Some men have used a twisted view of biblical manhood to assume authority they did not have over women. Others have twisted Scripture to lord authority they did legitimately have over others in domineering, harmful ways.
This was perhaps the most notable section of this book, otherwise it is a ‘think of heaven as the ultimate goal and put up with what you’ve got for now’ kind of book in my opinion. I really hoped that Alsup was going to write a book of the truth for women but as usual, it fell short of the goal for me. Alsup takes a good long while looking at what the Old Testament says about the fall of mankind and then slowly works her way up to what she believes the bible is saying about how women should act and behave today.
Alsup begins the book by looking at the first wave of feminism and how it has its roots in the church in its desire to give women a vote and equal rights. She then says that the second wave of feminism is where the church and the cause parted ways. She encourages the reader to look at the baggage of what they currently might interpret the bible says about women and the motive for reading the book before really researching the topic (which one would imagine would include reading her book and agreeing with its conclusions) and getting to grips with the topic from a Jesus-centred understanding of Scripture.
Alsup is good at teaching big theories and concepts with her background as a mathematics teacher. She suggests that if you don’t understand the Bible generally, you won’t understand it specifically about women. She then goes to great length to look at some disturbing areas of the Old Testament. Such as Genesis 34, Deuteronomy 22 and Judges 19, which involve the abuse and rape of women which is often very troubling parts of Scripture to people who don’t have the necessary knowledge of what these stories actually mean. She also takes us through a journey through the whole Bible to see how (in her mind) all things bleed together to form a consistent thread of knowledge and understanding on where women stand with God whilst they are on Earth.
She teaches that women are called helper, which in our modern culture is not seen as a very important role and often is despised by further explaining that the word used in the original language is ezer. God Himself is called our helper, our ezer, the same word used of the first woman in Genesis 2:18…. If we hold in to the dominant cultural attitude that being a helper is a substandard identity, we mock the name of God and His character. This is an interesting part of the book in which the role of women are highlighted and held up high in value.
After spending a great deal of time looking at the narrative throughout the course of the Bible as to the value of and role of women, she then goes into deeper exegesis as to Scriptures and the hope they hold for women. This is when it becomes a whole, ‘think of the blessings later and don’t worry so much about the now’ sort of teaching. It became really frustrating in that she excuses herself from answering questions we may have as not being possible this side of heaven.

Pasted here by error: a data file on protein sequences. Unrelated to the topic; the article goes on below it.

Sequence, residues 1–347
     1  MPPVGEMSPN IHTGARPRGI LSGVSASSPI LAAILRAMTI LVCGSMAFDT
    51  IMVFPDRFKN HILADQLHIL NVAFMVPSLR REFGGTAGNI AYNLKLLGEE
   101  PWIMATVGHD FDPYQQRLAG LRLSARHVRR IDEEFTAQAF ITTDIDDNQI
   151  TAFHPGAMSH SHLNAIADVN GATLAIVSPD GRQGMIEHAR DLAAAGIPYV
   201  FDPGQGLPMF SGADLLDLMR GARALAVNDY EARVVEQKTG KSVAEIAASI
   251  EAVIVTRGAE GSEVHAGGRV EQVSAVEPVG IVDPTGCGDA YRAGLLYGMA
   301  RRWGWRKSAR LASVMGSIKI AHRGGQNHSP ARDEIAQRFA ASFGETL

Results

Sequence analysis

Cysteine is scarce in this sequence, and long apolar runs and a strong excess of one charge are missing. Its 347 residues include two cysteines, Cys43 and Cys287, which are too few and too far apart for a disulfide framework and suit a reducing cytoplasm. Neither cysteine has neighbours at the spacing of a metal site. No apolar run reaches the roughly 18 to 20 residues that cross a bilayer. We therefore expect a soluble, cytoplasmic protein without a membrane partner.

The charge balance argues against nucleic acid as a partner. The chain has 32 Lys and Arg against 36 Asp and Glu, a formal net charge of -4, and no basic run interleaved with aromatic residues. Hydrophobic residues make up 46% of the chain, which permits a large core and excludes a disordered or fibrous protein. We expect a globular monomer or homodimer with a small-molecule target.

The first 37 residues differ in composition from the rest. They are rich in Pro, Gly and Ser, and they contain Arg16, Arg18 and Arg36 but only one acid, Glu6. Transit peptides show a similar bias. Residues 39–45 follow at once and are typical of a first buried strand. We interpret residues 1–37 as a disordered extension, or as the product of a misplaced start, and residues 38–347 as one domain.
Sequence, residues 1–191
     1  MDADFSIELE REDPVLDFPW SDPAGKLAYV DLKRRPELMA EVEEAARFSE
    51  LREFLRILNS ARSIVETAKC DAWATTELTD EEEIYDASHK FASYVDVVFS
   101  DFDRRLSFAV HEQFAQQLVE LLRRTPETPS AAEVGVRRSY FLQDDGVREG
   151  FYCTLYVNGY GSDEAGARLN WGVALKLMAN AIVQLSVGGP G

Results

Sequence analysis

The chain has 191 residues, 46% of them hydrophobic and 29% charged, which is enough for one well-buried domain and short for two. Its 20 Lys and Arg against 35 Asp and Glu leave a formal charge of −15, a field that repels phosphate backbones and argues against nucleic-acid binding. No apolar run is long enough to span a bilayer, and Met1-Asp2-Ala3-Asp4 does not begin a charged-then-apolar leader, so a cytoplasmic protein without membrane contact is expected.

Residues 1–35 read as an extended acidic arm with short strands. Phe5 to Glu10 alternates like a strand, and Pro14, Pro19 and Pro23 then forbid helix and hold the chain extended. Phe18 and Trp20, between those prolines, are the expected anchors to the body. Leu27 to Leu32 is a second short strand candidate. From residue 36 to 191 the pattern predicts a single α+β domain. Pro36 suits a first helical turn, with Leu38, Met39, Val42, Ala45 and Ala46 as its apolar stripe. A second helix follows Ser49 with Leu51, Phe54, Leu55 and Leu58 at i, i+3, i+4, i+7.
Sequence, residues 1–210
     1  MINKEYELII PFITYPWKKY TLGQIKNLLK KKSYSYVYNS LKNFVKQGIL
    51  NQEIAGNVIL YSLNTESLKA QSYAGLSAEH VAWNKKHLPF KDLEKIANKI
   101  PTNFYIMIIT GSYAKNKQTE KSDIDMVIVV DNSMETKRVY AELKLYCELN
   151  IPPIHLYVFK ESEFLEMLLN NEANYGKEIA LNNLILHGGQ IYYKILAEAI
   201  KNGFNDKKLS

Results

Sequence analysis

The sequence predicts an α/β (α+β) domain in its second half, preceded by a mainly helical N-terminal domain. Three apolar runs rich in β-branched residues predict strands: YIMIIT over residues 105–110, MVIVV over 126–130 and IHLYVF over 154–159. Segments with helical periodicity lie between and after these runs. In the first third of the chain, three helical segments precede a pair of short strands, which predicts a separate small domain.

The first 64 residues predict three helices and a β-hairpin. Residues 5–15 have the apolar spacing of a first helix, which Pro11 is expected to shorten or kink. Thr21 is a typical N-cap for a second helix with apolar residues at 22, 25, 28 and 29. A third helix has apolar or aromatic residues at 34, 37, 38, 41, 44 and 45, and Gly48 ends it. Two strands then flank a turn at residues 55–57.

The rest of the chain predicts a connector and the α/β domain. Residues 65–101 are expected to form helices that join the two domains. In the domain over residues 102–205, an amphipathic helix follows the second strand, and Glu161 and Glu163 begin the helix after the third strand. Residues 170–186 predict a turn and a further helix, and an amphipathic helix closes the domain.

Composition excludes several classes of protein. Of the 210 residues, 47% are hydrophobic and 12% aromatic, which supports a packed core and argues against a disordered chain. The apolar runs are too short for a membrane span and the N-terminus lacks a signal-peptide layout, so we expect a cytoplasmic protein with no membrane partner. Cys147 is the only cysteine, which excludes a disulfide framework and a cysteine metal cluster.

Note that we will not resolve all questions in the New Testament pertaining to women. I can’t imagine that is possible this side of heaven! Even questions I am able to answer for myself I may not answer for you. … But in the end, I will leave you to wrestle with the Spirit in your own study of the Word to draw your personal conclusions and private applications. Perhaps this is where I would encourage readers to get a hold of a copy of “Ten Lies The Church Tells Women: How the Bible Has Been Misused to Keep Women in Spiritual Bondage” by J. Lee Grady as further reading towards understanding what a woman’s role in this world and church is to be.
There are distinctions in the church, particularly relating to the spiritually authoritative role of elder, or overseer, which Paul reserved for men.
Is this passage good for women? We are called again to consider our definition of good here…..
It is important to note that my personal views of church authority structures play into the application here. By conviction, I follow a Presbyterian view of church authority, in which elders are those with spiritual teaching authority, and deacons are those called to serve the needs of the church under the elders’ leadership.
We are taken through some difficult passages in the New Testament that have been misunderstood, miss-interpreted and misused by men and leadership in the church in regards to women. The way each troublesome passage is explained in and of itself is fairly done, but in the end it left me feeling that rather than empowering women, this book tells women to stay in their holding pattern and wait for heaven. I wanted it to be a book that explained how Jesus dealt with it all (the impact of sin on our lives) on the cross and set women free, but just never got that impression from the work. It teaches that women are allowed to be in limited leadership within the church, but still not allowed to gain positions of authority and power. The feeling of disappointment is the overriding sense of this book.